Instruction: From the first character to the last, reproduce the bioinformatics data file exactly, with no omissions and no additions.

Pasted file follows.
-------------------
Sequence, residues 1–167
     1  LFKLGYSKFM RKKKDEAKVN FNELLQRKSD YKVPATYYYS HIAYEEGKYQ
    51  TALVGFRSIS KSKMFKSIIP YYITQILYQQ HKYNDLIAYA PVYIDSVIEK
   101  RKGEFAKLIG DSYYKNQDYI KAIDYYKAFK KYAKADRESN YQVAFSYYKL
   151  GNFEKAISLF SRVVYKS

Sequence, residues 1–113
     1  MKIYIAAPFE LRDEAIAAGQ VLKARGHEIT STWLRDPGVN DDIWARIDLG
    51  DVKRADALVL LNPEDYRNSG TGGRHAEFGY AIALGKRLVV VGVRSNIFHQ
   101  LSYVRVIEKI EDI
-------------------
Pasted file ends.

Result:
Sequence, residues 1–167
     1  LFKLGYSKFM RKKKDEAKVN FNELLQRKSD YKVPATYYYS HIAYEEGKYQ
    51  TALVGFRSIS KSKMFKSIIP YYITQILYQQ HKYNDLIAYA PVYIDSVIEK
   101  RKGEFAKLIG DSYYKNQDYI KAIDYYKAFK KYAKADRESN YQVAFSYYKL
   151  GNFEKAISLF SRVVYKS

Sequence, residues 1–113
     1  MKIYIAAPFE LRDEAIAAGQ VLKARGHEIT STWLRDPGVN DDIWARIDLG
    51  DVKRADALVL LNPEDYRNSG TGGRHAEFGY AIALGKRLVV VGVRSNIFHQ
   101  LSYVRVIEKI EDI